Isn’t he just lovely? After his appointment with the doctor, he said equally lovely things to Pita. This gentleman is the true definition of class and showed tremendous respect for both Pita and me. He was fast tracked to the top of my nice list. That’s right. All medical secretaries have mental lists which are divided into the good, the bad, and the ugly. Many scheduling decisions are based on these lists. Remember this the next time you want to schedule an appointment to see your doctor. I kid you not. It will really make all the difference unless the secretary is a
looney-tune bitch numbskull loser, well, then you’re on your own. I can only do so much.
Bad patients do not like change. They are what I like to call ‘set in their ways’. Bad patients usually need time to accept change and, while they may say some unfiltered comments in the beginning, they are usually won over with patience and kindness. Once they come to terms with me as the new/old kid on the block who is now booking their appointments, they will eventually forget that I was ever new. I am patient with these patients (groan, I know, but I couldn’t help myself) and I do my best to accommodate their needs, not immediately mind you, but within reason. These people will come to like me for I am a gawd damn likeable person, gawd dammit.
Bad Patient, Example #1
The following conversation falls more under “WTF?” rather than under the bad but it is too funny not to share.
BP#1: What is your name?
BP#1: I think I’ll call you Diane.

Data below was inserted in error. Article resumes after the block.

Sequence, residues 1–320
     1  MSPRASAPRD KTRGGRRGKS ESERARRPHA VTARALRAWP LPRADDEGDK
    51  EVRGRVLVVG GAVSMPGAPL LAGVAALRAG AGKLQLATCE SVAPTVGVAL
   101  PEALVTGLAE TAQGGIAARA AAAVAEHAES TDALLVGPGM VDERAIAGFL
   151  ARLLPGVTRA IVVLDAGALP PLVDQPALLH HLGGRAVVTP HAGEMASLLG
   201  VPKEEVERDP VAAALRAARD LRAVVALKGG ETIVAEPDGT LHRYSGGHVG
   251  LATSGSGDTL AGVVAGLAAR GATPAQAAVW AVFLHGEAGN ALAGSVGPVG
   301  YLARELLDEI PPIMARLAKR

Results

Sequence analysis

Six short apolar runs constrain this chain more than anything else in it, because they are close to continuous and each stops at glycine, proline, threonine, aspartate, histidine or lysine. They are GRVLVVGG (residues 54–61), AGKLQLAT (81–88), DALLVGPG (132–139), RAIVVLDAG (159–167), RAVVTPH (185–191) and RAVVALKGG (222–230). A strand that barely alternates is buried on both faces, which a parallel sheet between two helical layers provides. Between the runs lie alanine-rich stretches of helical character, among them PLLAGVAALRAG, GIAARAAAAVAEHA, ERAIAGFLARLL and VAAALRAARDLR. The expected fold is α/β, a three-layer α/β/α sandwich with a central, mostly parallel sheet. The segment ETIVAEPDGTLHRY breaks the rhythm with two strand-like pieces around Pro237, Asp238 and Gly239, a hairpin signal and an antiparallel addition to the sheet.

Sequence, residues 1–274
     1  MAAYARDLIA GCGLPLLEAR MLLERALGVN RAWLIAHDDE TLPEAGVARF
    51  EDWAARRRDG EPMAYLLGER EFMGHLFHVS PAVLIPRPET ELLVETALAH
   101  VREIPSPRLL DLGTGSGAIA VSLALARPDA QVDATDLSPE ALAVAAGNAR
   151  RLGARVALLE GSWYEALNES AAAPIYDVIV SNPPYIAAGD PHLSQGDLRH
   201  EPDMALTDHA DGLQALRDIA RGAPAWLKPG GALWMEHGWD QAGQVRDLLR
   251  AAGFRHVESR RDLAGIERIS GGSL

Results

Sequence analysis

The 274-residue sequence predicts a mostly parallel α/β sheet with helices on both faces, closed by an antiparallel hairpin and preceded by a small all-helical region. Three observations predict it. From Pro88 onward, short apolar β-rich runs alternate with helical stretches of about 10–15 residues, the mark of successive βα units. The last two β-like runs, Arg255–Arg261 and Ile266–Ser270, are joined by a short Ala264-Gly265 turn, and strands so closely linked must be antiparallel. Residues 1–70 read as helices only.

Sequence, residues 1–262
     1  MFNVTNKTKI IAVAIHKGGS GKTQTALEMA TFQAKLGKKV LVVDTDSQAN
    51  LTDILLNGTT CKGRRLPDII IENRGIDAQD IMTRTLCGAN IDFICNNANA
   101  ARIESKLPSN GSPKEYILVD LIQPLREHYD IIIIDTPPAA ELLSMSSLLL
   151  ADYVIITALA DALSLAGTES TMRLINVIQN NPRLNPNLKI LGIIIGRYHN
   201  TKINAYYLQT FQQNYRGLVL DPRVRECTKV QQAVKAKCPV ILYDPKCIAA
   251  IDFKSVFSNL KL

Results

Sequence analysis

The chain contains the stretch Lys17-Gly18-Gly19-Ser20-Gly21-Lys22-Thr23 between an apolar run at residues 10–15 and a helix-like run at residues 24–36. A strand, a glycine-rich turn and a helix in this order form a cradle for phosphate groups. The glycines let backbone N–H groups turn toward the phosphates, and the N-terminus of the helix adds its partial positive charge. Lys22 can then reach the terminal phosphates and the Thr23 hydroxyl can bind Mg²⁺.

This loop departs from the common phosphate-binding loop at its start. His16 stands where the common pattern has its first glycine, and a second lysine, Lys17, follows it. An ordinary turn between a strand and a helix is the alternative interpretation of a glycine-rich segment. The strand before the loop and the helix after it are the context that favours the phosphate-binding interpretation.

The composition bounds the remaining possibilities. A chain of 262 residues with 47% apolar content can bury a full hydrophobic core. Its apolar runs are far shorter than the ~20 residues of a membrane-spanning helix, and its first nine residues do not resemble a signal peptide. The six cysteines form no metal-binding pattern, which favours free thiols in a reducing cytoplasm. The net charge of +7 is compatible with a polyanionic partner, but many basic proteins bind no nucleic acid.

Me: Diane? Why Diane? (You crazy dodo head.)
BP#1: Any person I have ever met in my life called Linda should have been called Diane.
Well, I certainly have been called worse. ‘That one’ by my grandmother. ‘Bitch’ by some jealous bitch. ‘Snot’ by the same grandmother (yes, she was bitter). ‘Lynn’ by my parents all.the.time. even though my birth certificate clearly states my birth name is Linda. Go figure.
What do you think? Should I legally change my name to Diane? And, what does a Diane look like anyway?
Bad Patient, Example #2
BP#2: Ewwwwww. New face. No offence. (BP#2 said this like she had just come upon some disgustingly rotten road kill.)
BP#2 (begins to blather): I mean I just wasn’t expecting to see someone new. Not that you’re bad looking or anything like that, it’s just, well, you’re new. You aren’t Pita. You’re different. No one told me there was going to be someone new working here. I’m sorry, should I just stop talking right now?
BP#2: Would flowers help?
While I was only kidding, and I did tell her I was, she came back with two lovely garden plants, one for Pita and one for me, and apologized again. There is hope for the world and my relief at knowing I did not look like disgustingly rotten road kill was immense. She was expedited to the nice list.
Ugly patients hate and refuse to accept change. They are what I like to call ‘mother clucking nasty’ people. They are psycho, rude and definitely unhinged. Thankfully, ugly patients are a small minority but are enough to wreak havoc in an otherwise perfect day. What ugly patients do not realize is that, with their rude and obnoxious behaviour, they screw themselves right out of an immediate appointment. When they talk down to me, yell at me, and/or treat me like dirt, they will add days onto the next available appointment. Medical secretaries DO NOT forget these people; sadly, these people are too stupid incapable of understanding why the heck they do not get in to see the doctor right away.